Impact of the 1991 Gulf War on the coastal environment and ecosystems: Current status and future prospects
Price, Andrew R. G.. (1998) Impact of the 1991 Gulf War on the coastal environment and ecosystems: Current status and future prospects. ENVIRONMENT INTERNATIONAL, 24 (1-2). pp. 91-96. ISSN 0160-4120Full text not available from this repository.
This paper reviews the current status of the Gulfs coastal environment five years after the 1991 war. It also examines some key issues that emerged during the post-war period and considers future environmental prospects for the region. Despite extensive damage to coastal salt marshes and mangroves, the post-war period has generally been characterised by recovery of intertidal biota (diversity, community structure), wintering wader populations (abundance, community structure), and seabird populations (abundance, reproductive success). The subtidal was less exposed to oiling than the intertidal, and war-related events may have had only minor influence on changes observed on coral reefs. Biological patterns observed are in accordance with the generally declining petroleum hydrocarbon levels recorded in shallow coastal sediments. However, levels actually increased between 1992 and 1993 in parts of the NW Gulf, probably from increased tanker traffic. Similarly, sediments at 5 of 11 sites studied in 1993 exhibited high toxicity and contained high petroleum levels. Overall, these effects match predictions made in 1993 and are in accordance with the Gulfs perturbed nature and short-term dynamics. Providing a single index as a 'snapshot' of the health of the environmental system, which also captures the dynamics of the different ecosystems impacted, remains elusive. Additional difficulties include incomplete time-series, the possibility of misjudgements about species abundance and mortality from incomplete sampling, and the likelihood of synergism and antagonism between war-related effects, background impacts, and natural stresses. Economic costs of war damage are even more problematic to assess than ecological impacts. Postwar studies suggest that certain coastal activities unrelated to the conflict (e.g., recreation and fishing), can be equally or more damaging environmentally than war-related effects. Use of the coastal zone as a repository for solid wastes and development of infrastructures is also increasing and becoming a major issue. However, war-related concerns have often been viewed outside the wider context of coastal zone management, resulting in an incomplete picture. (C) 1998 Elsevier Science Ltd.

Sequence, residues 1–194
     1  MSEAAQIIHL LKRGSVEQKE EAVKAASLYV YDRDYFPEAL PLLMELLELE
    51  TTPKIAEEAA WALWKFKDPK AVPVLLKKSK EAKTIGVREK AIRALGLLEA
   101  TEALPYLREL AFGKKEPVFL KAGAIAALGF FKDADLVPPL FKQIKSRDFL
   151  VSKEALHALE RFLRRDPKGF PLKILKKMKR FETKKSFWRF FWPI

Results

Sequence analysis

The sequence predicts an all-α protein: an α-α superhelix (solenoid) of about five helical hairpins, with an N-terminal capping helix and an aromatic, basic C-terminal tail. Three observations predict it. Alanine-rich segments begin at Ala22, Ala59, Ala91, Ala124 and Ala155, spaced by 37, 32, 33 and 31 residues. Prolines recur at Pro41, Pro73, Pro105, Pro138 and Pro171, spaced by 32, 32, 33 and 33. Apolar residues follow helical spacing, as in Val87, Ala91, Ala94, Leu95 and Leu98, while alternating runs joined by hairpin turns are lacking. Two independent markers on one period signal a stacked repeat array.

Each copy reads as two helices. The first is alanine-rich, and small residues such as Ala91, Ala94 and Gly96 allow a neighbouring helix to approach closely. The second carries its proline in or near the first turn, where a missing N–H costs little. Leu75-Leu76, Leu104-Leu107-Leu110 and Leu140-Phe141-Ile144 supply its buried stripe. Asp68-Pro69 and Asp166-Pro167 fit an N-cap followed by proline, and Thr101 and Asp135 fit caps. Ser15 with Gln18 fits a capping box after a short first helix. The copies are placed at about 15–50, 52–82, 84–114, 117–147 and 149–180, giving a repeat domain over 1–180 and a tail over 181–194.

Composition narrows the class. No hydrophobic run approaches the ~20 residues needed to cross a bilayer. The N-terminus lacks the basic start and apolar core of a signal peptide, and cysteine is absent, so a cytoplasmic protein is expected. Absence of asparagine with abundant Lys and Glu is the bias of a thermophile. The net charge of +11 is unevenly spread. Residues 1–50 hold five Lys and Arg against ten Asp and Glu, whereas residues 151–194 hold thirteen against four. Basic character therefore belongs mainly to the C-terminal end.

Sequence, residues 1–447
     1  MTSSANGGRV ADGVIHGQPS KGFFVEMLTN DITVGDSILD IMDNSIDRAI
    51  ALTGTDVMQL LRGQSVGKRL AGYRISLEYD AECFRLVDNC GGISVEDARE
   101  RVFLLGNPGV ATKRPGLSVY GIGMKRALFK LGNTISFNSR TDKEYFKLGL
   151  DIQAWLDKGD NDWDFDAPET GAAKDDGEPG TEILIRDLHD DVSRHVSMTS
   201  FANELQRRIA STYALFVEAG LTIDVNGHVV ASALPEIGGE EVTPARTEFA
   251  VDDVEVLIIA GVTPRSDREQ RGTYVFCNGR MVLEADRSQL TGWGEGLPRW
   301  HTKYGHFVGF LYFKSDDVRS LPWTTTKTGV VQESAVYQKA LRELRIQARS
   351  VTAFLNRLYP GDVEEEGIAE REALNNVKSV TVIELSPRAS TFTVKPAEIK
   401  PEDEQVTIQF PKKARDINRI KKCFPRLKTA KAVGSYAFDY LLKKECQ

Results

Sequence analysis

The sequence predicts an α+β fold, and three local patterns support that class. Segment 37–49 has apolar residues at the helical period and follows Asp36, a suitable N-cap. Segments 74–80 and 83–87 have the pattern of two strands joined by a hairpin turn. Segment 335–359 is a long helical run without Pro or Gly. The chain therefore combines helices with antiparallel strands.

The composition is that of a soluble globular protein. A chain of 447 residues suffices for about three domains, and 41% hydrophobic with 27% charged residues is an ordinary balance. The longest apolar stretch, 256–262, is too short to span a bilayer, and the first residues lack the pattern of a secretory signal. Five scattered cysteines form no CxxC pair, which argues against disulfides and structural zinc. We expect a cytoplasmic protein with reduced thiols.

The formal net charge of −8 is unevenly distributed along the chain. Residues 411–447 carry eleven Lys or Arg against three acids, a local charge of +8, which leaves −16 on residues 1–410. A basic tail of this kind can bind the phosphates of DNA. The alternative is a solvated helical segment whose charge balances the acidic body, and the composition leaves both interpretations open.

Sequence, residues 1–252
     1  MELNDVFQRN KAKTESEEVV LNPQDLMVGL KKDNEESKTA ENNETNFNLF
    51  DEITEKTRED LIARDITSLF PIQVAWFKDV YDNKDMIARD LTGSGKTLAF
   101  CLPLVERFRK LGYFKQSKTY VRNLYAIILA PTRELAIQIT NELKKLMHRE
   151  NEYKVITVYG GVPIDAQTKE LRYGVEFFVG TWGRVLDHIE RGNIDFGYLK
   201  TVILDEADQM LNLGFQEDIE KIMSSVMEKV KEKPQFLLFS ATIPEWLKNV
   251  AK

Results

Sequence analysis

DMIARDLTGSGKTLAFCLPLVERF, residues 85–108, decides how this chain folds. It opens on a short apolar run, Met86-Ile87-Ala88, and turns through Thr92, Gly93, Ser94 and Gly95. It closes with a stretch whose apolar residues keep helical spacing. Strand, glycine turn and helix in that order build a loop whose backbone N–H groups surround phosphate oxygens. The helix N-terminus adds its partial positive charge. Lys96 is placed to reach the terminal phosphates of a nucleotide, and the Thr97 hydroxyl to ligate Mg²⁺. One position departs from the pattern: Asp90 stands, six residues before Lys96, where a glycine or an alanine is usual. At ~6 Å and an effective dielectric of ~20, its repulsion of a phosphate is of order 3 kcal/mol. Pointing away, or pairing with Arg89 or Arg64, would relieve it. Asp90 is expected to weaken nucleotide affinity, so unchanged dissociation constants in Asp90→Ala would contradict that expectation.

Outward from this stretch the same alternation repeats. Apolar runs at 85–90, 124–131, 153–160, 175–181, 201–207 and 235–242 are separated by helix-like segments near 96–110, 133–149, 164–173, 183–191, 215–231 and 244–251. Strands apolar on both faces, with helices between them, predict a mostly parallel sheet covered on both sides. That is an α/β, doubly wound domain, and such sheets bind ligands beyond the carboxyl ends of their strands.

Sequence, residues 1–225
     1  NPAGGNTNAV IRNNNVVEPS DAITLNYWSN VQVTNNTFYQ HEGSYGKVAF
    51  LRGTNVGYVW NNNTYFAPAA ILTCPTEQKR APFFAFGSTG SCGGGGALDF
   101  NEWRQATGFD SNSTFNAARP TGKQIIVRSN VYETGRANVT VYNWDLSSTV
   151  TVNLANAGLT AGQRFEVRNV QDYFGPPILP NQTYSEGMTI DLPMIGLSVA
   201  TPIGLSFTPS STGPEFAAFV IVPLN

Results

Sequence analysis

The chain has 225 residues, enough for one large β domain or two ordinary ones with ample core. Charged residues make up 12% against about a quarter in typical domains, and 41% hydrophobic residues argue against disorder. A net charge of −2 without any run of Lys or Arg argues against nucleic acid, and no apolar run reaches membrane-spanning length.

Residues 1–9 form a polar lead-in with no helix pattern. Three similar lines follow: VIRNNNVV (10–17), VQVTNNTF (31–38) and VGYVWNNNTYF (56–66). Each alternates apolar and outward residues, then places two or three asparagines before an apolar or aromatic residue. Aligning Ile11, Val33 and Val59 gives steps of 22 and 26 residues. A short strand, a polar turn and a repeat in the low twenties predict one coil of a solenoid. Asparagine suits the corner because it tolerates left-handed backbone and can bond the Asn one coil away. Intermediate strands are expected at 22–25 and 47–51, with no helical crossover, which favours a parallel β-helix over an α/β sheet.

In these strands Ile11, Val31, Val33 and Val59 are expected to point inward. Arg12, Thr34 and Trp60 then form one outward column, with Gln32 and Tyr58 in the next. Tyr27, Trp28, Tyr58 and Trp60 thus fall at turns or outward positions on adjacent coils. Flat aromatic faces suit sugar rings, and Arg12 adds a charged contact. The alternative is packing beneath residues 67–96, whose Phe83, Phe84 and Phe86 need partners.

|Item Type:||Journal Article|
|Subjects:||G Geography. Anthropology. Recreation > GE Environmental Sciences|
|Divisions:||Faculty of Science > Life Sciences (2010- ) > Biological Sciences ( -2010)|
|Journal or Publication Title:||ENVIRONMENT INTERNATIONAL|
|Publisher:||PERGAMON-ELSEVIER SCIENCE LTD|
|Number of Pages:||6|
|Page Range:||pp. 91-96|
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